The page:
Benjamin Howard

Benjamin Howard was born in 1817 in Schoharie County and first came here in 1842.  He settled in an old hotel on the northwest corner of the crossroads at Cadiz.  For several years he ran this hotel.  This was a highly traveled stagecoach route for stages between Pike and Ellicottville and from Olean Points to Buffalo.  His house was one of the principal stops along the way.  It was not unusual for 40 to 50 teams loaded with goods to stop there daily.

He worked hard and saved the money he earned being a landlord.  Later Benjamin moved to the Village of Frankinville and purchased the Major Partridge property that included hundreds of acres of farmland east of the village park.  The western part of his property is now covered by the Bank, Chronicle Office and adjacent buildings.  His farm reached to the foot of Kingsbury Hill and Cemetery Hill and all the lands between that side of Chestnut Street to the center of the Village.

He owned the stagecoach route to Hinsdale and other points.  Benjamin also was a cattle dealer.  He bought and ran the old McKee Hotel at Hinsdale and became involved in the timber industry.  Timber was his downfall and cost him heavily.  His wealth disappeared and he faced poverty.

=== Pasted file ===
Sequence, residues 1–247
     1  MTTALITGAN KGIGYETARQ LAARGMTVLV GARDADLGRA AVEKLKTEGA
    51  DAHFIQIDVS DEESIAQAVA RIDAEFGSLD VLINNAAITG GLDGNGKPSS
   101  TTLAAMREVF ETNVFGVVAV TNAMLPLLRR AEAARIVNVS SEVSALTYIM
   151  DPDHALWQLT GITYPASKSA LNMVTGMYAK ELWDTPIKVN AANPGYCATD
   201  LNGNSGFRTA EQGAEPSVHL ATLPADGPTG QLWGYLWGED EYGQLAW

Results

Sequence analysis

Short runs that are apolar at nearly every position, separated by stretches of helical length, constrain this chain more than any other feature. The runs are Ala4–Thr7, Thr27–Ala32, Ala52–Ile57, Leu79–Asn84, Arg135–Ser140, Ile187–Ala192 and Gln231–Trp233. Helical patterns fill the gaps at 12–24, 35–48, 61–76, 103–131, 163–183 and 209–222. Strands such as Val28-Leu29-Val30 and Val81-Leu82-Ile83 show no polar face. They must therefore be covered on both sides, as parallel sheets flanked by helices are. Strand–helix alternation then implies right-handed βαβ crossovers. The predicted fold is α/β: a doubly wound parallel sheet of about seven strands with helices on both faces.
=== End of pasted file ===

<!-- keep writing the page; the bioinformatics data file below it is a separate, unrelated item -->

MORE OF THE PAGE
His friends said that he was good-hearted, a character trait that led to his financial downfall.

One day, while running a mowing machine in a meadow where a cirucs tent had been pitched, he ran over a tent stake that had been carelessly left in the ground.  His machine was upset and he was thrown to the ground.  His hip was shattered and he never fully recovered.  It led to his death in July of 1897.  Benjamin Howard's family is buried in Mount Prospect Cemetery which was once part of his farm.

His parents Theophilous and Mary Howard are buried in the Cadiz Cemetery.  His grandfather was also named Theophilous and is buried in Schoharie County, New York.  His grandfather was one of the men in the American Revolution who dressed as Indians and dumped tea in Boston Harbor.  This event is remembered in history as The Boston Tea Party.

written by Maggie Fredrickson

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